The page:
BACKGROUND: A National Spina Bifida Patient Registry (NSBPR) was begun in 2009 to help understand the natural history of spina bifida (SB) and the effects of treatments provided by SB clinics. We used the NSBPR to explore the relationship of sociodemographic characteristics with SB outcomes.
METHODS: Using NSBPR data collected in 2009 to 2012, we examined the unadjusted association between demographic characteristics and 4 SB outcomes: bowel continence, bladder continence, mobility, and presence of pressure sores. We then developed multivariable logistic models to explore these relationships while controlling for SB clinic, SB type, and level of lesion.
RESULTS: Data were available on 2054 patients <22 years of age from 10 SB clinics. In the multivariable models, older age groups were more likely to have continence and pressure sores and less likely to be community ambulatory. Males and patients without private insurance were less likely to be continent and community ambulatory. Non-Hispanic blacks were less likely to be continent. Level of lesion was associated with all outcomes; SB type was associated with all but pressure sores; and all outcomes except community ambulation showed significant variation across clinic sites.
CONCLUSIONS: Sociodemographic attributes are associated with SB outcomes. In particular, males, non-Hispanic blacks, and patients without private insurance have less favorable outcomes, and age has an impact as well. These characteristics need to be considered by clinicians who care for this patient population and factored into case-mix adjustment when evaluating variation in clinical and functional outcomes among different SB clinics.
What’s Known on This Subject:
Functional capabilities in patients with spina bifida depend on the spinal level of the lesion and its type. Sociodemographic characteristics have been shown in other conditions to be an important additional influence on outcomes, making them important for risk adjustment.
What This Study Adds:
Males, non-Hispanic blacks, and patients without private insurance have less favorable functional outcomes in spina bifida, and age also has an impact. These attributes need to be considered by clinicians and researchers and used in comparing care outcomes across clinic settings.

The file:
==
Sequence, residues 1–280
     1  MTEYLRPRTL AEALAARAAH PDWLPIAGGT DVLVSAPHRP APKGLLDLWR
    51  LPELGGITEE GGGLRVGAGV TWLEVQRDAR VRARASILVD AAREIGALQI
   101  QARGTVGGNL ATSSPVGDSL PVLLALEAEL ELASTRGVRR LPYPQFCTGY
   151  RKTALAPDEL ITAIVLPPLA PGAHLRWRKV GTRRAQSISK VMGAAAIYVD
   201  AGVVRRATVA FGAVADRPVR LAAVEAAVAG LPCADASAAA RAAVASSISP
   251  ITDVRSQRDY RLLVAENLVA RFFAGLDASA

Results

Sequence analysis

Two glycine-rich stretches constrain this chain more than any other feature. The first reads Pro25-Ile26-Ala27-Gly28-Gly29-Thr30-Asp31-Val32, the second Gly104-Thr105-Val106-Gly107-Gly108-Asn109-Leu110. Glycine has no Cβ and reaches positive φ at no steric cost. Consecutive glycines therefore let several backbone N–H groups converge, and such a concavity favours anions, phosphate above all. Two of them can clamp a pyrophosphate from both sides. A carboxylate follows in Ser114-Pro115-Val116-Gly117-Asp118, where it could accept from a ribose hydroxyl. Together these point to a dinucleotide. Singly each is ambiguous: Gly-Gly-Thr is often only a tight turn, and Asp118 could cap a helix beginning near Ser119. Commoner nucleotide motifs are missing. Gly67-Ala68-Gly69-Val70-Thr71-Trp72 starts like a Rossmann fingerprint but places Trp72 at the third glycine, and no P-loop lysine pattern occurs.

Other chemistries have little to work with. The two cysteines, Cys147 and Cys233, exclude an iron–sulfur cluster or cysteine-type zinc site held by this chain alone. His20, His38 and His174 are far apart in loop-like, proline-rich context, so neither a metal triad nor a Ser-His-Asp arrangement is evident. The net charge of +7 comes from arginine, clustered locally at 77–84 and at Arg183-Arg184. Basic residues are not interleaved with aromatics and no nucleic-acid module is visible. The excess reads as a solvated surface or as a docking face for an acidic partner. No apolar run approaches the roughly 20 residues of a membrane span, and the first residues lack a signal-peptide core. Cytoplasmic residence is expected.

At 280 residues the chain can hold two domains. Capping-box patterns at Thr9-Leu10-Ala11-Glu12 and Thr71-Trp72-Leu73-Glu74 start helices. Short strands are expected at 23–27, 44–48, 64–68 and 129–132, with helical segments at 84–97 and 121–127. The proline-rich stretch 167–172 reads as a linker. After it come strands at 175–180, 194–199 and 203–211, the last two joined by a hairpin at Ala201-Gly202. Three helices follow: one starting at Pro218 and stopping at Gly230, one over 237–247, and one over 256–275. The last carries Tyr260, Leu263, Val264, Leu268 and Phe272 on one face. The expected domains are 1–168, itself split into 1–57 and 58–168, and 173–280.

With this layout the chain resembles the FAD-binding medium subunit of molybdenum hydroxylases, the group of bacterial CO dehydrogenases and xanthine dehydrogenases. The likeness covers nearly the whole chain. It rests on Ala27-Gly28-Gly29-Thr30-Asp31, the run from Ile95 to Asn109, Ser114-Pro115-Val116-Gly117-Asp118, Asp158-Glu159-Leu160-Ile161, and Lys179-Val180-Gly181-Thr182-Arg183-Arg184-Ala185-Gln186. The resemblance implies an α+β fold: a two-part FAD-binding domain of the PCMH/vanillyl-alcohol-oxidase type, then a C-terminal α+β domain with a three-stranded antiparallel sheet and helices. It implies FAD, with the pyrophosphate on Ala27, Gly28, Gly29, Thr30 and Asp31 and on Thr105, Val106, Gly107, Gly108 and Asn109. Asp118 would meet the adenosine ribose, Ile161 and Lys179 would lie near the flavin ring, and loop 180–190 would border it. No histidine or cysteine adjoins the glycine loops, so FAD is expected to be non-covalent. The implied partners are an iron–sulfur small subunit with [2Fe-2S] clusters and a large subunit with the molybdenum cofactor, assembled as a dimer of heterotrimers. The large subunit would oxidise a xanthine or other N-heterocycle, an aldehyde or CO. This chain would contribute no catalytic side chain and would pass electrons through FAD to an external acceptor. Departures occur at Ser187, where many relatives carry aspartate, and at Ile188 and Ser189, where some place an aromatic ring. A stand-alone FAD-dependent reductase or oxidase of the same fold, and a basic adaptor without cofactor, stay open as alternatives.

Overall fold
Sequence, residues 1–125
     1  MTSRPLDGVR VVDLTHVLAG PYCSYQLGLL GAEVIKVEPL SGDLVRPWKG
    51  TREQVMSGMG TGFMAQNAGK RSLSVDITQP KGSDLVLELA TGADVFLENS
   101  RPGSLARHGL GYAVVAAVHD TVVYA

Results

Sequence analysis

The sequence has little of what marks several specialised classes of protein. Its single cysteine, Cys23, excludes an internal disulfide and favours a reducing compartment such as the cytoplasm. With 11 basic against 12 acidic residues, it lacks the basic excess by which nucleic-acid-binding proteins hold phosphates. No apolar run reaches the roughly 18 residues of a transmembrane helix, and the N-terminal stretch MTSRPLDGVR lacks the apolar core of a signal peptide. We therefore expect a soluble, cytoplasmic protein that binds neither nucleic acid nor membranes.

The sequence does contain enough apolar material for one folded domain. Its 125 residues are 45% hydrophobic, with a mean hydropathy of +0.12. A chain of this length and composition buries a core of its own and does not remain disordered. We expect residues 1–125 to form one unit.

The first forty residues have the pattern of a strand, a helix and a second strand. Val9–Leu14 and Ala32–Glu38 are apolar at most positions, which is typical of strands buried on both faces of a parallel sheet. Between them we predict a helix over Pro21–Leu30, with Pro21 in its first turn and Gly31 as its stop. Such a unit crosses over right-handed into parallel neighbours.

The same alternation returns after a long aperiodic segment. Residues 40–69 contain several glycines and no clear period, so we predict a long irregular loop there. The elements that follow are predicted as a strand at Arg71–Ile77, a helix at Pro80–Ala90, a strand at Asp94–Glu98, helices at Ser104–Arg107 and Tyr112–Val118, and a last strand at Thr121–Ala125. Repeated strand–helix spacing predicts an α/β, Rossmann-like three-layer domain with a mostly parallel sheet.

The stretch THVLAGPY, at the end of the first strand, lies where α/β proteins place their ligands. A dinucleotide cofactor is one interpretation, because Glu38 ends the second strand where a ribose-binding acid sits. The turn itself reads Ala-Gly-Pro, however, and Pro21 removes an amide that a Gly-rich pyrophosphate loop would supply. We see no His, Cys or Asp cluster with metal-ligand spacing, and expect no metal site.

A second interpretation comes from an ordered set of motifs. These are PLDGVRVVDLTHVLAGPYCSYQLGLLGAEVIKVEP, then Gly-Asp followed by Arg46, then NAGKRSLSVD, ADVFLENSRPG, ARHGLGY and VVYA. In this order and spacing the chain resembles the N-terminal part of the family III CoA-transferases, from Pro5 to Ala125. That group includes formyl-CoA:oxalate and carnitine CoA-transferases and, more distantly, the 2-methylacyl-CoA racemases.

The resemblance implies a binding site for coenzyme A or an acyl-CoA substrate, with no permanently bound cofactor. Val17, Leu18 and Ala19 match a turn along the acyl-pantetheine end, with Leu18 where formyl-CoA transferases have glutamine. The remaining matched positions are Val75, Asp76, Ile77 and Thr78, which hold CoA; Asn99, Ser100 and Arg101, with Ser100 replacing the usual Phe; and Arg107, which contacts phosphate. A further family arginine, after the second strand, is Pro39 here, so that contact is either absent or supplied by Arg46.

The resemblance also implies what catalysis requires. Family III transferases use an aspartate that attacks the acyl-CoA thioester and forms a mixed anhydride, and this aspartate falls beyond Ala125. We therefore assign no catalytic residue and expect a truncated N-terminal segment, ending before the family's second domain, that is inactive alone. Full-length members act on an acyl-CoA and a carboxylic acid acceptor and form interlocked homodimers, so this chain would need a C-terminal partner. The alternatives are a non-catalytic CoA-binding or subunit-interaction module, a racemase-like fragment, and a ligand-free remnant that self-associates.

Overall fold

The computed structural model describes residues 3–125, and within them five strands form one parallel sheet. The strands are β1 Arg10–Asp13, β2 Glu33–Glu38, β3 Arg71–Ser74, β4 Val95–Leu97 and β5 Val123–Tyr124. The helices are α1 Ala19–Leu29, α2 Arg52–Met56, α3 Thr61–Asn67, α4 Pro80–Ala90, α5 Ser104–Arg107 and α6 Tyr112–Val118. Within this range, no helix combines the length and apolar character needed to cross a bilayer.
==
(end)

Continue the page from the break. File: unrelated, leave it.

Advances in medical care and technology have resulted in greater expected longevity for infants born with spina bifida (SB).1 However, knowledge regarding the health status and long-term health outcomes of people with SB is limited. In 2005, the Spina Bifida Association collaborated with the Agency for Healthcare Research and Quality and the Centers for Disease Control and Prevention (CDC) to survey US SB programs regarding clinic operations and services, care processes, and disease outcomes of their patients. Based on this assessment and the experiences of other organizations (such as the Cystic Fibrosis Foundation2), a National SB Patient Registry (NSBPR) was established in 2009 to systematically gather data regarding the natural history of SB in patients attending SB clinics to support SB clinical research and to better understand the effects of treatments provided in SB programs across the United States.3
Clinicians participating in the development of the NSBPR have identified bowel and bladder continence, ambulation, and the occurrence of pressure sores as key clinical outcomes for patients with SB. The manifestations and consequences of SB depend to a great degree on intrinsic characteristics of the congenital defect, particularly lesion type and spinal cord level,1 but initial analyses of the NSBPR have shown significant variation in outcomes among patients even when stratifying by these intrinsic disease features. Socioeconomic and demographic characteristics are significant determinants of health outcomes in a number of chronic medical conditions and are therefore important components of case-mix adjustment when attempting to understand variations in disease outcomes.4–6 We used the NSBPR to determine the impact of sociodemographic and intrinsic lesion characteristics on functional outcomes for SB.
The NSBPR is a clinic-based registry designed to describe the patient population attending SB clinics and ascertain variations in processes of care that are associated with better health outcomes. Although this approach excludes individuals who do not seek care from multidisciplinary SB clinics, it does offer an opportunity to understand disease characteristics and perform credible analyses of clinical practices and outcomes in the large sample of patients who do attend these clinics. The assumption is that data provided from the clinics are reliable and that, by using the clinic as the unit of analysis, it will eventually be possible to obtain an accurate report of the variety of treatments typically provided to patients by specialized clinics and a clear picture of the relationship between these treatments and health outcomes.